US, Japan, South Korea nuclear envoys meet after Pyongyang test

Takehiro Funakoshi, Director-General of the Asian and Oceanian Affairs Bureau at Japan's Foreign Ministry, Sung Kim, US Special Envoy for North Korea, and Noh Kyu-duk, Special Representative for Korean Peninsula Peace and Security Affairs at South Korea's Foreign Ministry, pose ahead of a trilateral meeting between Japan, US, and South Korea, to discuss North Korea [David Mareuil/Pool via Reuters]

Top nuclear envoys from Japan, the United States and South Korea held talks in Tokyo on Tuesday to discuss North Korea’s missile and nuclear programmes, a day after Pyongyang said it tested a new long-range cruise missile.

Analysts said the weapon, described by North Korean state media as “strategic”, could have nuclear capabilities.

“The recent developments in the DPRK [Democratic People’s Republic of Korea] are a reminder of the importance of close communication and cooperation from the three countries,” Sung Kim, the United States special envoy for North Korea, said in his opening remarks, using the initials for the country’s official name.

The three countries have been discussing ways to break a standoff with North Korea over its nuclear weapons and ballistic missile programmes, which have drawn international sanctions.

In meeting with his Japanese counterpart Takehiro Funakoshi and South Korean counterpart Noh Kyu-duk, Kim said Washington remained open to diplomacy to deal with North Korea issues.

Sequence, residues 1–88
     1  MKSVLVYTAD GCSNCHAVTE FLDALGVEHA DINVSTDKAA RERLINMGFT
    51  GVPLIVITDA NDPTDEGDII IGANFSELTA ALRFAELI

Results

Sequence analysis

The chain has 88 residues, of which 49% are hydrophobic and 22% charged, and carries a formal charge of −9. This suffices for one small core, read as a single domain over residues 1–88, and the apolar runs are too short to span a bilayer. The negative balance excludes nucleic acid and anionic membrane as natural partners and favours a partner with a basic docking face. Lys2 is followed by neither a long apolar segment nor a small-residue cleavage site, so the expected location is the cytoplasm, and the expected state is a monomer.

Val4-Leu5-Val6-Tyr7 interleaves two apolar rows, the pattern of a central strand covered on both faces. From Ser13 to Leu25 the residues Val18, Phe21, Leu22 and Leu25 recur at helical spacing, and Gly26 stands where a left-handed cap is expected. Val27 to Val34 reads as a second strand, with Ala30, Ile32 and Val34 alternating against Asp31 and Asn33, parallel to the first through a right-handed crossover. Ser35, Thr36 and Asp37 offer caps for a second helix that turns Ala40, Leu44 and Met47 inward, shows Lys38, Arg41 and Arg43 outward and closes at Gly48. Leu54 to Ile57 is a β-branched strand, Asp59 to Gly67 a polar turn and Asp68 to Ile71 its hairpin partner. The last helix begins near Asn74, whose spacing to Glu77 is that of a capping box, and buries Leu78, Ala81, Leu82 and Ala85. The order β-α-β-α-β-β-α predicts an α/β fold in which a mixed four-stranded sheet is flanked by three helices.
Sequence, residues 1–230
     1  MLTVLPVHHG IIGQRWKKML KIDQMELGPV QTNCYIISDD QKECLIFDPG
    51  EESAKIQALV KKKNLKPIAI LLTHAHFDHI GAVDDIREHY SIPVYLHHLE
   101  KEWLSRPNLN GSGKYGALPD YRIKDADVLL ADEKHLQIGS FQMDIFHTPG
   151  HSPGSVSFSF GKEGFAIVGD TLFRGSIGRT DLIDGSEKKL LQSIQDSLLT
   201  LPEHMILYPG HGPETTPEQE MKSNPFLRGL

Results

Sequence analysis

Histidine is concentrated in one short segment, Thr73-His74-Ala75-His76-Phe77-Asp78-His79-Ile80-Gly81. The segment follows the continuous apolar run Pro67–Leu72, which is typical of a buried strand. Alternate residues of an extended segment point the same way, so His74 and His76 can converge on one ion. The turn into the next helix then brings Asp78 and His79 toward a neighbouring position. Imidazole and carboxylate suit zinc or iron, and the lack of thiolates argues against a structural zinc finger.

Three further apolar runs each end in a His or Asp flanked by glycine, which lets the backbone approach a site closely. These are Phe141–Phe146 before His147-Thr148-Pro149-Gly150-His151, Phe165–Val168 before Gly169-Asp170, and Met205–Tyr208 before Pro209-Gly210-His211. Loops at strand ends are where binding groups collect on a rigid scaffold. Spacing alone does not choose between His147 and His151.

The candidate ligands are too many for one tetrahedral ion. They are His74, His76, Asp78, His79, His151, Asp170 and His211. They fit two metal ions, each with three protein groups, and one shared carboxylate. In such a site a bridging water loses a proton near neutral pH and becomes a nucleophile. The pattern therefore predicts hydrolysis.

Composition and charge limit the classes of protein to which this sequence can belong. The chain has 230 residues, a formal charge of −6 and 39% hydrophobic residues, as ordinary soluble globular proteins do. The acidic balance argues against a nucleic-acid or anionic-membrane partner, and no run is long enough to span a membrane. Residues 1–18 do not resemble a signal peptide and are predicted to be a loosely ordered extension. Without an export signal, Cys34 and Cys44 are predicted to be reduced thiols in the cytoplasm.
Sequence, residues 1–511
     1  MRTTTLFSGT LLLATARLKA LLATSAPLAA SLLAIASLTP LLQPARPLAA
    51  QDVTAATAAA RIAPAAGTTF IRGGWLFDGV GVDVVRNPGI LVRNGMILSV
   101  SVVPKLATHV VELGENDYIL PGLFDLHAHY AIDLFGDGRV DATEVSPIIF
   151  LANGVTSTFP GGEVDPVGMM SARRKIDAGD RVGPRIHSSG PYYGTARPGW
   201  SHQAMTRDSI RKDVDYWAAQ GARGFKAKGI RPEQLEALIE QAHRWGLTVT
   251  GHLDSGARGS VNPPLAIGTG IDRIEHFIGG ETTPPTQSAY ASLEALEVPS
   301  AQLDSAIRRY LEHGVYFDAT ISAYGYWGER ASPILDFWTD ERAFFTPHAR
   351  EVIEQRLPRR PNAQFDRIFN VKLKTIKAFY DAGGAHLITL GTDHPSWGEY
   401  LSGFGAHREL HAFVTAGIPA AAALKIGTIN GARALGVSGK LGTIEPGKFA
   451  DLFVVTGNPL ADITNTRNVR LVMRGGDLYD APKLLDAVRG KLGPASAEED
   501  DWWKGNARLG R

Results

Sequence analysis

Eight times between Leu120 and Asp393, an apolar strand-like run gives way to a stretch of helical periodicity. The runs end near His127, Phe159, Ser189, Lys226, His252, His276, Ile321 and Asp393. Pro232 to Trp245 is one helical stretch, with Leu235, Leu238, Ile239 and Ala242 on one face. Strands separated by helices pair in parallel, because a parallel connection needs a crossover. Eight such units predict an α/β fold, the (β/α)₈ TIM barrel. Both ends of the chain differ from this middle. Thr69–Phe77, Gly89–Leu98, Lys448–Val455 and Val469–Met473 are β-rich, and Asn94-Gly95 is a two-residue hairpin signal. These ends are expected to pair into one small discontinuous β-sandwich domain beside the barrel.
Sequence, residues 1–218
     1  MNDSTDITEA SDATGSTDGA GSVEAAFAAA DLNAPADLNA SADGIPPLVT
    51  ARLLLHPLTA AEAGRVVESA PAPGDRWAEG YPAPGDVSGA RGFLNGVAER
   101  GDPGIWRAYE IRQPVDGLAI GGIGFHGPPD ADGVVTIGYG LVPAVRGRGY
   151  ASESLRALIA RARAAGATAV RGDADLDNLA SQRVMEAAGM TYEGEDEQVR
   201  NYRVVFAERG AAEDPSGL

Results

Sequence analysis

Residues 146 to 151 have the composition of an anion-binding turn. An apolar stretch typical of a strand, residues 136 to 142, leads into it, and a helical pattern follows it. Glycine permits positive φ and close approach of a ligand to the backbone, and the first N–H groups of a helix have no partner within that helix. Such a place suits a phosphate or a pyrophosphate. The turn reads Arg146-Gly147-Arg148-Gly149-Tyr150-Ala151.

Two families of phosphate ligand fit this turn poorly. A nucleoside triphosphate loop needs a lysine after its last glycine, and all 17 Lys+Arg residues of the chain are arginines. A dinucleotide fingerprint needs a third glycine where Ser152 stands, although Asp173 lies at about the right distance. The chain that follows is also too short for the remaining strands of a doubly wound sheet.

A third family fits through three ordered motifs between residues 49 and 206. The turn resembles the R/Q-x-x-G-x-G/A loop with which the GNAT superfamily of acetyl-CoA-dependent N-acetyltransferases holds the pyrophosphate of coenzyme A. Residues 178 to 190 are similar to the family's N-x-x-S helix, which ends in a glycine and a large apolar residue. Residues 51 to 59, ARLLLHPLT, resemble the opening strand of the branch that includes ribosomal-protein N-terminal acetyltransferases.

The White House has said the US was still prepared to engage with Pyongyang despite the recent missile test.

US President Joe Biden’s administration announced a new approach to North Korea in May, saying it was still pursuing denuclearisation but that it was not prepared to offer any ‘grand bargain’ to Pyongyang.

The Biden policy would be calibrated and practical and focussed on diplomacy, officials said at the time.

Denuclearisation talks have been stalled since 2019, with North Korea demanding sanctions relief.

Pyongyang has said it sees no sign of any policy change from Washington.

While the US is a close military and economic ally of both Japan and South Korea, ties between the Asian neighbours have often been strained over issues including sovereignty disputes, Japan’s 1910-45 occupation of the Korean peninsula, and their wartime history.


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